RE: What a predicament!

Subject: RE: What a predicament!
From: "Tom Johnson" <johnsont -at- starcutter -dot- com>
To: "TECHWR-L" <techwr-l -at- lists -dot- raycomm -dot- com>
Date: Mon, 4 Mar 2002 16:33:57 -0500

I was going to stay out of this, but a recent reply kind of set me off.

I've been in a situation where I felt my boss was asking me to do something
that crossed my moral boundaries. It rubbed me raw and I got to the point
where I had a very hard time functioning in that role.

My job was to test payphones to see if I could make fraudulent calls. I had
to keep up with the latest phone scams and see if I could pull them off on
our company's pay telephones. These were attempts to make free calls. None
of them involved charging calls to individual phone customers or taking
their money. The only consequence was to my company's long distance charges.
It was surprising how many times I was able to complete calls. When that
happened, we could call the carriers to make sure they instituted certain
screens. So, in a way, it was a legitimate test to make sure crooks couldn't
rip off our phones. On the other hand, I felt terrible lying to operators.
Even though my actions were justifiable, it was quite unpleasant. I suppose
executioners experience the same kind of problem. It is called a conscience.
People should pay more attention to what theirs is telling them.

In my situation, I took some time off, without pay, and made up my mind I
was going to find a different job.

What anonymous is feeling is very real, to her. It may be misplaced angst,
but it is very real to anonymous. What anonymous needs is coaching not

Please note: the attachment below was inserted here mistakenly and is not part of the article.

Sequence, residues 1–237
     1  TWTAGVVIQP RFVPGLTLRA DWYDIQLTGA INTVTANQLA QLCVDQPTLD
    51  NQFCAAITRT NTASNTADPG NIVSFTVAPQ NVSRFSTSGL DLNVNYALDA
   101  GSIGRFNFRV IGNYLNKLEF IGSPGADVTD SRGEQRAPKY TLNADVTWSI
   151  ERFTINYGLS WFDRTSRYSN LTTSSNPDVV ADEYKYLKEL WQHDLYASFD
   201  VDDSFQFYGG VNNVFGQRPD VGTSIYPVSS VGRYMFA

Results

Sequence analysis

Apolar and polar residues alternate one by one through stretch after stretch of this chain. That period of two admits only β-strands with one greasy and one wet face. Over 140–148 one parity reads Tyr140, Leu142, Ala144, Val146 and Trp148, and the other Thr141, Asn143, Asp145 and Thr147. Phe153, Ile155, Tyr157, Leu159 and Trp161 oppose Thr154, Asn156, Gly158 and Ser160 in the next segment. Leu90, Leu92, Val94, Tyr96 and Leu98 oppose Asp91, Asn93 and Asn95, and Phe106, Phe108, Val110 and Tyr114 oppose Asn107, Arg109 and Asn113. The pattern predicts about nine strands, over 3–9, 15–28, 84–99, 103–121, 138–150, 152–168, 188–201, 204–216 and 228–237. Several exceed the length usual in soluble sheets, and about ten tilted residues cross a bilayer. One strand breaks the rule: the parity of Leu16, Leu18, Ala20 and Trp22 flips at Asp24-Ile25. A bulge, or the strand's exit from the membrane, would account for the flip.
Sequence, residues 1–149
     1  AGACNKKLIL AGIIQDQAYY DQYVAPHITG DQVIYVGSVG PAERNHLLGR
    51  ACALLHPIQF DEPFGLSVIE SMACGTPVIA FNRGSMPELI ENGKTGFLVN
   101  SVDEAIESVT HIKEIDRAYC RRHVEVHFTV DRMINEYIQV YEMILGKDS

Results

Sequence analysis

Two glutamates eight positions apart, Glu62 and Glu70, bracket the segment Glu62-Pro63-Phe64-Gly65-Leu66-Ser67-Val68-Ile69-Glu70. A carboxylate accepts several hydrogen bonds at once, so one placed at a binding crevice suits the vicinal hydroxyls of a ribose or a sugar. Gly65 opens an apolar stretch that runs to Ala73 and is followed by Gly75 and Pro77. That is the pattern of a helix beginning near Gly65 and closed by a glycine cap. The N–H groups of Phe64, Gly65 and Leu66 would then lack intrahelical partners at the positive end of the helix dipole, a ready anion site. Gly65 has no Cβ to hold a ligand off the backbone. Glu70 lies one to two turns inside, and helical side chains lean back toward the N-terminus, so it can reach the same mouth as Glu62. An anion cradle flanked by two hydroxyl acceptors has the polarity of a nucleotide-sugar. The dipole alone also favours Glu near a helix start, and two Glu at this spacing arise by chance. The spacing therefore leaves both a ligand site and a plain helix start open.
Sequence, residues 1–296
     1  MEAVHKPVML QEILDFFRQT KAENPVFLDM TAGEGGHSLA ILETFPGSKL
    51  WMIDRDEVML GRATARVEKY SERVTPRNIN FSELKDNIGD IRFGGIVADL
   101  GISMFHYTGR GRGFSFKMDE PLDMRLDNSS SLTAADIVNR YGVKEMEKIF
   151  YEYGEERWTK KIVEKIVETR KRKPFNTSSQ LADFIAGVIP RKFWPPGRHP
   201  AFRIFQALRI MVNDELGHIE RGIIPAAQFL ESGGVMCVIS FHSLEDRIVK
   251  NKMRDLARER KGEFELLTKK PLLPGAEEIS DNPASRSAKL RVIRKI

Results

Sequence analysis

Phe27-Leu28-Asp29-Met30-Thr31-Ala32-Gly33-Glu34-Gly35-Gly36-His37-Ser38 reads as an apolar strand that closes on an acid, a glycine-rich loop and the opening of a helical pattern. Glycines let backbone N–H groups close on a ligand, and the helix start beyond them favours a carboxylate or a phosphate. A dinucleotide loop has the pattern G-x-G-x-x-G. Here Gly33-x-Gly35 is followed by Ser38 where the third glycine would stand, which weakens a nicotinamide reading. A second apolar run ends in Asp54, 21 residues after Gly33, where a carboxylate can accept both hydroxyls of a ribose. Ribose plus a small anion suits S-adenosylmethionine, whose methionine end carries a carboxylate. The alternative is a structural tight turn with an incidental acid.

berating. Let's make our replies to this person constructive to get over it.

My suggestion to anonymous is to really look at the work that you were asked
to do. How many cars do you see driving down the road with a multitude of
similarities. They all follow the same general idea: four wheels, a chassis,
seats, body and a steering wheel. They have more in common than they have
differences. Software is the same thing. There is nothing wrong with taking
something that works well and adapting those things to your own application.
I'm not advocating plagiarism, but trying to say there is a middle ground
between all original material and out-and-out plagiarism.

My other suggestion is to look at the relationship between you and your boss
to make sure there is not some underlying source of friction. I've been in
that situation before. If you can work it out, you may end up with a
wonderful friend.

Lastly, I meant what I said about conscience. Our conscience is a good
thing. It pays to listen to it and we should be careful about dulling that
faculty. However, there are some cases where there is too much legalism and
not enough context*.

Tom Johnson
231-264-5661 voice
231-264-5663 fax

Work johnsont -at- starcutter -dot- com
Personal tjohnson -at- i2k -dot- com

*Normally kids are told not to run in school. But, if a kid gets hit by a
car, somebody needs to run inside to the principal's office to call 911.
That's what I mean about context.

Now's a great time to buy RoboHelp! You'll get SnagIt screen capture
software and a $200 onsite training voucher FREE when you buy RoboHelp
Office or RoboHelp Enterprise. Hurry, this offer expires February 28, 2002.

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